cluttered mind

8. It can focus our thoughts. When we have to slow down and compose ourselves on paper, we might surprise ourselves. I didn’t realize I thought that, we might think. Or we might realize we very much thought that, and we knew we thought that, and we’re very passionate about that thank you very much.

9. It can be a way to bring solace to others. Sending thank you notes is a lovely habit to get into – and we’re learning more and more about brain science and gratitude, and its uplifting affect on mental health. Writing letters can, quite literally, be good for your brain!

10. And last but not least, I write letters because I enjoy it. And “because I like it” is a perfectly fine reason for doing something.

Write on!

Contribute to a Collaborative Blog Post

Want to contribute, but don’t want to commit to an entire blog post? This year we will be doing Collaborative Blog Posts (why yes, that’s a thing I just came up with).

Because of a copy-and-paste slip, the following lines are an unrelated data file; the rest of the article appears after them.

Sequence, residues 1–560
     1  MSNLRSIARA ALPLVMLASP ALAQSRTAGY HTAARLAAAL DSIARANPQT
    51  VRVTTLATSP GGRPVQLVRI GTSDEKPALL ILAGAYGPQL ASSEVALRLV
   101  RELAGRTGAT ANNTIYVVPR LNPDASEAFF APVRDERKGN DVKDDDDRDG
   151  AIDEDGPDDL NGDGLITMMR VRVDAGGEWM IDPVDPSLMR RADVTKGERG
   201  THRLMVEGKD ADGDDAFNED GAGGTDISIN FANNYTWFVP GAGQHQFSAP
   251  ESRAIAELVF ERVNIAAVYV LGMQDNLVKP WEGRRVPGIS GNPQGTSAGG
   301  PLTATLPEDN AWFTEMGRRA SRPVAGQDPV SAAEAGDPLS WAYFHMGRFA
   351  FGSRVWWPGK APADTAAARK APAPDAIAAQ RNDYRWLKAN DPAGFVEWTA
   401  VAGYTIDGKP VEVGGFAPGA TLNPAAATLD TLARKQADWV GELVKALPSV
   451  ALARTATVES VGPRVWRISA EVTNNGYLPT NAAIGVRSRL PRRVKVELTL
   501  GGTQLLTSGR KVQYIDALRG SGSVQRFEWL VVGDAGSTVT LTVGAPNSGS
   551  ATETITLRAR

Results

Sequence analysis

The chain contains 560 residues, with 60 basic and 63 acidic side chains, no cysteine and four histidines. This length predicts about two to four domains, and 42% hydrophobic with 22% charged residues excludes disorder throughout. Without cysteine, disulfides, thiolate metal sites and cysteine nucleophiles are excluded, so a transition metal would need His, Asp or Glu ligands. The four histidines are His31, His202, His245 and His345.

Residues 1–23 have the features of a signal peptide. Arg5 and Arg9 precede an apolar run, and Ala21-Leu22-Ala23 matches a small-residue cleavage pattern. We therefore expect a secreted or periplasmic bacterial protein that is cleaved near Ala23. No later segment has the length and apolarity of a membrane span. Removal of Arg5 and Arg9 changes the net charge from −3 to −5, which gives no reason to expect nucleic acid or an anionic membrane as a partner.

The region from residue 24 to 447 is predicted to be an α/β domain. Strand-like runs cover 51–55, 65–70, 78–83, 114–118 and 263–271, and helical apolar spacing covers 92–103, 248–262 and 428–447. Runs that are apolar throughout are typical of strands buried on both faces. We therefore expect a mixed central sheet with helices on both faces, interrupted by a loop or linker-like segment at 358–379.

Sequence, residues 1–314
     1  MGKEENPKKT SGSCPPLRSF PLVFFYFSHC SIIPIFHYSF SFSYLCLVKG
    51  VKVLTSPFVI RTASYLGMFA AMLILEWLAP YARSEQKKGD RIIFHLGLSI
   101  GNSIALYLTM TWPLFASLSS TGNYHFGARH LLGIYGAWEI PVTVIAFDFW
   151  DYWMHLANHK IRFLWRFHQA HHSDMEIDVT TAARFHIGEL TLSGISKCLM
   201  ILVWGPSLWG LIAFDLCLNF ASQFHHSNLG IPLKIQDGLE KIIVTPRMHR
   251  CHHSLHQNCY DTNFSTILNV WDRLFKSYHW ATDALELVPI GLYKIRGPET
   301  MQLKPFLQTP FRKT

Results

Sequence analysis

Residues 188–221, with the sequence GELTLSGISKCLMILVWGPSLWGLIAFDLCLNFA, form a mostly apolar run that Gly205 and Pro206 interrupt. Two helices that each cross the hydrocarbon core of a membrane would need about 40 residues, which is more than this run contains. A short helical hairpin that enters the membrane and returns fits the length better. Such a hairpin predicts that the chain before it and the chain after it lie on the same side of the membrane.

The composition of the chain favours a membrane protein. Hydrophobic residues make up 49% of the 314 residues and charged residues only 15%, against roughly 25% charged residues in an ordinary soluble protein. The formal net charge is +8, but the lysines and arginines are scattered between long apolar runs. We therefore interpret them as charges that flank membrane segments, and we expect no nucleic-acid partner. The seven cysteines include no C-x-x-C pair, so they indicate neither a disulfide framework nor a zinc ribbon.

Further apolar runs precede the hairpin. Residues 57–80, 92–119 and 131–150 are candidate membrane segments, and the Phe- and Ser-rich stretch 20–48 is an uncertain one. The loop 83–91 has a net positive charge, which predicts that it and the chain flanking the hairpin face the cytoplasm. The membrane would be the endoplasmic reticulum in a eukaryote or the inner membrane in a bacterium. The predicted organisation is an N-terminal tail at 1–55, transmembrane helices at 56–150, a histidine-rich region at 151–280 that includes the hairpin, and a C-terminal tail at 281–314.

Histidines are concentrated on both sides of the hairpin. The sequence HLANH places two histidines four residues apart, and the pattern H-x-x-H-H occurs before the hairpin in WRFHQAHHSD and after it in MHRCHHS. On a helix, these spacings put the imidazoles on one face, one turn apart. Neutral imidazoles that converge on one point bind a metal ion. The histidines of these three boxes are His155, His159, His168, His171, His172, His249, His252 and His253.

I’ve come up with some prompts around LetterMo. The idea is that participants can pick one or more prompt, and answer it. We’ll take everyone’s contributions and compile them into a blog post.

Have a different idea, or more to say? Check out the Blog Post Idea form.


PromptSubmit By 12pm GMT:
What tip or trick to you have for those new to writing letters?Jan. 31
Tell us about your first pen pal.Feb. 3
Cursive, print, or typed? Why?Feb. 5
Tell us about the pen pal who is farthest away from you, geographically.Feb. 8
Where is your favorite place to write letters? To read them?Feb. 11
Tell us about a letter you received / sent that has special meaning to you.Feb. 13
How do you personalize your letters?Feb. 16
Describe your ideal pen pal.Feb. 18
Why do you write letters or postcards?Feb. 21
What is the most interesting thing you’ve received/ sent via the mail?Feb. 23
What stories have you seen / read / heard that include letter-writing as an essential part of the plot or style?Feb. 25

You can submit your contributions via the Collaborative Blog Post Form